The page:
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As you go to larger and larger pans, you usually need less baking powder, because the added lift of the baking powder, weakens the structure of the cake and it tends to fall.  there is a lot of information about this in the cake bible.  I would think that a recipe for a 9” cake would do OK in a 6” pan, if you fill the pan half way. (Typically you would have a little more baking powder for the smaller pan…but I don’t think it would be a problem if the baking powder was the same…but be sure your oven temperature is right.

As far as frostings go…Mousseline buttercream probably holds up the best at warmer temperatures.

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Posted: 19 May 2010 03:59 PM   [ Ignore ]   [ # 7 ]
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chickadee cakes - 19 May 2010 06:11 PM

Thank you, I will not use my scale to measure small things. Do you think that is what caused my cake to fall

I weigh my baking powder and baking soda, but my scale is accurate to .01 grams.  Some scales only weigh to the nearest 5g and the potential error is enormous.  Even if your scale measures to the nearest gram, it’s accuracy is probably plus or minus 1 gram, so you could be off by 10-20%.

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Posted: 19 May 2010 08:16 PM   [ Ignore ]   [ # 8 ]
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chickadee, I agree that weighing baking powder may have caused your cake to fall by being inaccurate and giving you too much.  Could also have been a problem if you filled the pan more than half full- a too full pan would cause the cake to collapse once it rose past the sides (no support from the pan).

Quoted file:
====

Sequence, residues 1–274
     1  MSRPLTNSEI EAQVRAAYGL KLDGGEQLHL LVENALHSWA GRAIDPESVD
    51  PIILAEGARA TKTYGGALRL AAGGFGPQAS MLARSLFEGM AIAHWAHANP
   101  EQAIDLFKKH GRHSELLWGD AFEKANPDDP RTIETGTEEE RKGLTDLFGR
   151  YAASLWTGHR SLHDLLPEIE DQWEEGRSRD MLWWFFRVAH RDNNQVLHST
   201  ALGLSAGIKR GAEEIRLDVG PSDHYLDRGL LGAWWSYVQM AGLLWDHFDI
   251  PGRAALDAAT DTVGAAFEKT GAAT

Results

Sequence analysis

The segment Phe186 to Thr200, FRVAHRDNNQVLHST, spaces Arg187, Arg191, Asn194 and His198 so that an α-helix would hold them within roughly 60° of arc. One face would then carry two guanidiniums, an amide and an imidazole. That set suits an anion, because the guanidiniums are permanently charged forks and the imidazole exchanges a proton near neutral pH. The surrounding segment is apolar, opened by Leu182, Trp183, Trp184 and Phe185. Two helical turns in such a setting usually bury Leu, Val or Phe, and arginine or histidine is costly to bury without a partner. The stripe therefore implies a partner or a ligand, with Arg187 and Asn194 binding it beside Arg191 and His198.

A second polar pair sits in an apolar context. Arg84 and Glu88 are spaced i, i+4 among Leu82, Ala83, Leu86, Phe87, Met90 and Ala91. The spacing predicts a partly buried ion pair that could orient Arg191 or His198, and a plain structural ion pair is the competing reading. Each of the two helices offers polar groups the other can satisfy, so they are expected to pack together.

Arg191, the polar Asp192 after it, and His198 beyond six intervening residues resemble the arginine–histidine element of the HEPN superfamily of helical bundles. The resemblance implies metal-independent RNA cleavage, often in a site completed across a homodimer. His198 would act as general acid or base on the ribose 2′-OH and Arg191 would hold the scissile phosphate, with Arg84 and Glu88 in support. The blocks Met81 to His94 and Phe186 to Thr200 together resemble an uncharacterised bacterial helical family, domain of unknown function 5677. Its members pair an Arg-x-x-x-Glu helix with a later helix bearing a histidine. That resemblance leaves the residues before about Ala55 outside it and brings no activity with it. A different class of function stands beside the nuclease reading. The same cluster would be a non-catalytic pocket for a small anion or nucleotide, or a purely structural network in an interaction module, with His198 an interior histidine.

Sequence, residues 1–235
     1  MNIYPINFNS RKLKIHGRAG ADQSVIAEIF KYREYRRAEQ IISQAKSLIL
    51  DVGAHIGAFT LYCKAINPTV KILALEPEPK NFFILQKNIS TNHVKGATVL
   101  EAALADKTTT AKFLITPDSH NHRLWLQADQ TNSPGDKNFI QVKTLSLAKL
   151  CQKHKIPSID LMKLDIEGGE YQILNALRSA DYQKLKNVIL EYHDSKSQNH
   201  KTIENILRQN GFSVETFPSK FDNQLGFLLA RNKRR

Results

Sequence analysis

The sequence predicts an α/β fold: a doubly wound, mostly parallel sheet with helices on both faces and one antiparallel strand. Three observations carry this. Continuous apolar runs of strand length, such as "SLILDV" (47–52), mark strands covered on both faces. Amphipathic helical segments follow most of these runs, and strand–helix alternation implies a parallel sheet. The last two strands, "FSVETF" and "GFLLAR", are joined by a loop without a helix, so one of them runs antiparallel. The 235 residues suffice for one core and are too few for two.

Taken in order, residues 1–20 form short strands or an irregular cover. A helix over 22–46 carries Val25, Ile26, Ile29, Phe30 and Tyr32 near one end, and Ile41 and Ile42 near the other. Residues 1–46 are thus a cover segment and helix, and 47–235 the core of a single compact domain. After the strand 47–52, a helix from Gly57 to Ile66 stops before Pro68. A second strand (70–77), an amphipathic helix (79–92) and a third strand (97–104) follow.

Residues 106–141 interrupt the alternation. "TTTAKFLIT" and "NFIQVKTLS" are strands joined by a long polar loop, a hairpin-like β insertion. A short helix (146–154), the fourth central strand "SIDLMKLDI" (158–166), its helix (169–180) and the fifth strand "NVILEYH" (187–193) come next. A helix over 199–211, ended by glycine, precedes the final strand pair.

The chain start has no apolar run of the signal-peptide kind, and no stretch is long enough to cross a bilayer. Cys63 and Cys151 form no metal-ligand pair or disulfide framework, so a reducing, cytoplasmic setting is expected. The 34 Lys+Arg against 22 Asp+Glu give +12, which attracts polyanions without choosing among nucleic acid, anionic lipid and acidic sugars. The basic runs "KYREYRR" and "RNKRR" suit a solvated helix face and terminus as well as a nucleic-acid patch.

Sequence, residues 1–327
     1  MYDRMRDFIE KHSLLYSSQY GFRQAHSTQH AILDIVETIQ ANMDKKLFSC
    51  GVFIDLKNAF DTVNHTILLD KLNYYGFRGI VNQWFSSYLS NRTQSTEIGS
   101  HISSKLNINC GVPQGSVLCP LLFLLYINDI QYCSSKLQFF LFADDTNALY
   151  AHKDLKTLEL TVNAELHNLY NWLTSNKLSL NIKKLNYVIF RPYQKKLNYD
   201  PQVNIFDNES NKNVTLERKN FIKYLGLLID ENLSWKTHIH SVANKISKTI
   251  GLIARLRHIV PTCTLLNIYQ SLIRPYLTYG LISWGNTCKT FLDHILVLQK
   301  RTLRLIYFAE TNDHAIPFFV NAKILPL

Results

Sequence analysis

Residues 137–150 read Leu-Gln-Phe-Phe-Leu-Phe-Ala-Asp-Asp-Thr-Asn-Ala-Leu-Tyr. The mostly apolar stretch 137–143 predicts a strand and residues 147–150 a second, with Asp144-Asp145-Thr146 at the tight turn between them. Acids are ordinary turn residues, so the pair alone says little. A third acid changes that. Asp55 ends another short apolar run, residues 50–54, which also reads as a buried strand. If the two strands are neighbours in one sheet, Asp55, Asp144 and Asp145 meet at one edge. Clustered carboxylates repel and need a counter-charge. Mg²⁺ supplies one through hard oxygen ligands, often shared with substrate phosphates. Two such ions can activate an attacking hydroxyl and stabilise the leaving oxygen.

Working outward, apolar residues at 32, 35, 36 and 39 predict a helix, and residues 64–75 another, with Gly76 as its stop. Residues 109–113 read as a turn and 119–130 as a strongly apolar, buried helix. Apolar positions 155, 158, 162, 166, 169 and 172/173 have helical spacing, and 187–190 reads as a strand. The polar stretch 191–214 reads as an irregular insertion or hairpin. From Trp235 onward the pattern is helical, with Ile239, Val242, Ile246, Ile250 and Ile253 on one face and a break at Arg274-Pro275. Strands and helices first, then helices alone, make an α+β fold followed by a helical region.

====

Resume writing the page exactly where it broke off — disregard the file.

Yes, the batter is very thick, most of Rose’s batters are on the thick side.

My favorite all-around cake is the sour cream butter cake, but I know many people like some of the others.

Good luck!

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Posted: 19 May 2010 11:35 PM   [ Ignore ]   [ # 9 ]
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I baked the Golden Cream Cake for the first time on Friday. It is now my FAVORITE cake from TCB. I doubled the recipe and made two 9” layers, and baked it 35 minutes. I had checked on it at 25 minutes and it definitely wasn’t done. I set the timer for 10 minutes, intending to check on it after 5 minutes. I got distracted and didn’t get to it until the timer went off. I was worried that I had over-baked the cakes since the edges started to pull away from the edges. I used Moussaline Buttercream with Grand Marnier, and then finished it with rolled fondant.

We first cut the cake on Saturday and finished it at work this afternoon. I kept it refrigerated, and it stayed very moist.

Maybe your problem was under-baking it.

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Posted: 23 May 2010 10:37 AM   [ Ignore ]   [ # 10 ]
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hi everyone, i just baked the golden cream cake ( my first cake from the tcb) i actually made cupcakes, they came out perfect, the taste was great! i did find them a bit to fluffy for cupcakes. i just got RHC today and i haven’t looked at the cupcake recipe to see if there is a difference, but i am going to definitly make this again as a cake. does anyone know what the best recipe is for the basic cake that would go with anything from either book?
thanxs